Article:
Dirty Dishes

The extent people have gone these past eight days to accommodate each other and make others comfortable is absolutely amazing. Watching people in this amazing country and being around a fantastic team has truly been such a blessing and I’ve learned so much by being around everyone. Every single person will go all out in everything they do, from Becca trying to get Jamin to sing “You’re Welcome” and adamantly avoiding porta pottys at training camp to digging ditches and moving trash around. No matter what the task is, everyone is so quick to show Christ-like love towards each other in acts of unselfishness.

It’s truly breathtaking to see just how far people will go for each other. Yesterday, we had a draining and very dirty day and all anyone wanted to do when we got back to the base was shower. But they had run out of water which summarized means- no showers. We were told not to get our hopes up and the chances of the base having water when we returned were very slim. And yet when we arrived, we were told that we would be able to shower. Why? Because the people from YWAM had bought water for us. But it doesn’t stop there, worship here consists of singing in two languages which is so beautiful but also confusing at times. Josie, one of the members of the discipleship program here at the base and a worship leader asked team members and I which way of singing worship songs was the least confusing and would help us the most. And on top of that, he decided that we would sing songs that the team had been singing prior that day to assure that we would be able to sing as well.

Here’s the part where I get to talk about dirty dishes, one of the rules at the base is that you have to wash your dishes once you finish a meal. However, in the week or so that we’ve been in El Salvador, I’ve maaaybe had to do my dishes four times. Every breakfast and dinner (we generally don’t eat lunch at the base) someone will come around and grab everyone’s dishes and cups and wash them for us. Now parents, we’ve talked it over and the chances of this happening at home is slim (sorry), but this act of extreme unselfishness is just such a huge testament to everyone’s hearts. And it doesn’t stop there, the list goes on and on. Sharing shampoo, sharing clothes, getting water for each other when the bed is just too comfy, sharing food with other team members and kids, offering to do the hard jobs, “volunteering” to be a sacrifice and getting pushed in the pool, it just keeps going.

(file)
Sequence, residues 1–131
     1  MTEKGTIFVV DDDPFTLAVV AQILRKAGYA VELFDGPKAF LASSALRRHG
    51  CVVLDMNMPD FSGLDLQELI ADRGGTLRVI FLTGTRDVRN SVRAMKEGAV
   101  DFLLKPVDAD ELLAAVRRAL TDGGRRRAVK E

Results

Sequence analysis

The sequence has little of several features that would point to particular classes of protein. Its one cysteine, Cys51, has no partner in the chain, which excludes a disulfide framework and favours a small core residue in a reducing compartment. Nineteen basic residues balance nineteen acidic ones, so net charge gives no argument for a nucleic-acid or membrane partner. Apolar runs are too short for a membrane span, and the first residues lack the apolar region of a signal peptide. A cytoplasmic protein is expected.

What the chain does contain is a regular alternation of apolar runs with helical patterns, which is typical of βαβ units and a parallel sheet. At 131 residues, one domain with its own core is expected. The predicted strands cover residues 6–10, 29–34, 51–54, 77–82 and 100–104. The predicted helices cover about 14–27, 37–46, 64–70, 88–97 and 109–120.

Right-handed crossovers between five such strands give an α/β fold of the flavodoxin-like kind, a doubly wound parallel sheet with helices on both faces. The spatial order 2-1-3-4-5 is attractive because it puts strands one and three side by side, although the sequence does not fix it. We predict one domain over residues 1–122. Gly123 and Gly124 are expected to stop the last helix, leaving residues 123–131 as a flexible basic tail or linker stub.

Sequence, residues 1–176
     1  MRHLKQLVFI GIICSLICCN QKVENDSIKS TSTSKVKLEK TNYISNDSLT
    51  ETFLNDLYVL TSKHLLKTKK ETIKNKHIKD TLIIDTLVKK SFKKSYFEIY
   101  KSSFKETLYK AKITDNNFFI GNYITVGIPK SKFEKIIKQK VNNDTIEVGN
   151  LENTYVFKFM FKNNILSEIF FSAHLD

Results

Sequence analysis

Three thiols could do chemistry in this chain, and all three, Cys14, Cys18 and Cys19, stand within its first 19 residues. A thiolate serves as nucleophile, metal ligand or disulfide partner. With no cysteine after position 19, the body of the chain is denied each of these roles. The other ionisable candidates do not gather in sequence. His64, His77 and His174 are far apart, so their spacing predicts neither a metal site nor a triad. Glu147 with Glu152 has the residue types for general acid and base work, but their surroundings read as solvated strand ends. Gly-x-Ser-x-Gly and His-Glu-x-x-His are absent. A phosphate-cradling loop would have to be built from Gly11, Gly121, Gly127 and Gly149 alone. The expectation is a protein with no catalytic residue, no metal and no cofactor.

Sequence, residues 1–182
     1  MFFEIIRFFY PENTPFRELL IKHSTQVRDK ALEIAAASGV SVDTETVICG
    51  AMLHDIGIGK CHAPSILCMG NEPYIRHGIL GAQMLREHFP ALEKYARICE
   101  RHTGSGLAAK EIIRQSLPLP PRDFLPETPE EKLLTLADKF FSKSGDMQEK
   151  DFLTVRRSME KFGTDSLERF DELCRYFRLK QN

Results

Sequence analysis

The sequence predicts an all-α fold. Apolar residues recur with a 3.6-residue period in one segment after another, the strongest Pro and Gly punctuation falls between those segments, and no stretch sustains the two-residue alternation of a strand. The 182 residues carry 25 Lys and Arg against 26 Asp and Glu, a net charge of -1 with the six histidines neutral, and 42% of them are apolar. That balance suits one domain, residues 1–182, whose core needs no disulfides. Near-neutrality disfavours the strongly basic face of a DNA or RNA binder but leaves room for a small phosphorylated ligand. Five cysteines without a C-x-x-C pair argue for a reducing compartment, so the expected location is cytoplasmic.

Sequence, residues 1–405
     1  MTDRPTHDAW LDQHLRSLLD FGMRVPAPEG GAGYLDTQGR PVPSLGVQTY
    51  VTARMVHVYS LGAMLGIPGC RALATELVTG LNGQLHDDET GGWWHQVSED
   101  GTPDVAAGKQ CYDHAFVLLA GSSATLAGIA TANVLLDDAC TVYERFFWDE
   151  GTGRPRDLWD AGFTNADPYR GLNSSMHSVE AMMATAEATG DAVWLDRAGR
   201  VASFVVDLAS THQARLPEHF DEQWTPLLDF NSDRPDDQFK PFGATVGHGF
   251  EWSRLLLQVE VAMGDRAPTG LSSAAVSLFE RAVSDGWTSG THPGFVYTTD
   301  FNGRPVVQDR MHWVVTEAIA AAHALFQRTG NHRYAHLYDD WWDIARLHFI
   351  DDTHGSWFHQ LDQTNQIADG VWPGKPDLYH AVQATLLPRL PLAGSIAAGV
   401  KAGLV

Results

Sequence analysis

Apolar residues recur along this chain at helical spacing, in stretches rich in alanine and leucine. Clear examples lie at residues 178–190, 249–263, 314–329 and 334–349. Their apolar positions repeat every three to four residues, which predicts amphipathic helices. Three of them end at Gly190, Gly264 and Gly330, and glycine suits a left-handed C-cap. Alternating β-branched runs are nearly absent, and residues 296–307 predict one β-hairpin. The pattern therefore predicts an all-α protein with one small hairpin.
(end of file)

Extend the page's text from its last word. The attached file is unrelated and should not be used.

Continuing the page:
This team and many of the people in El Salvador have shown so much love and Christ-likeness throughout this “short” week and a day. The thought of leaving everyone leaves me heartbroken, and yet I’m so incredibly excited to see what God will do through everyone on our return. “Unselfishness” has been redefined for me because of this team and I can’t wait to hear how they’re able to impact others with their beautiful, selfless hearts. But until then, here’s to fighting over dirty dishes.

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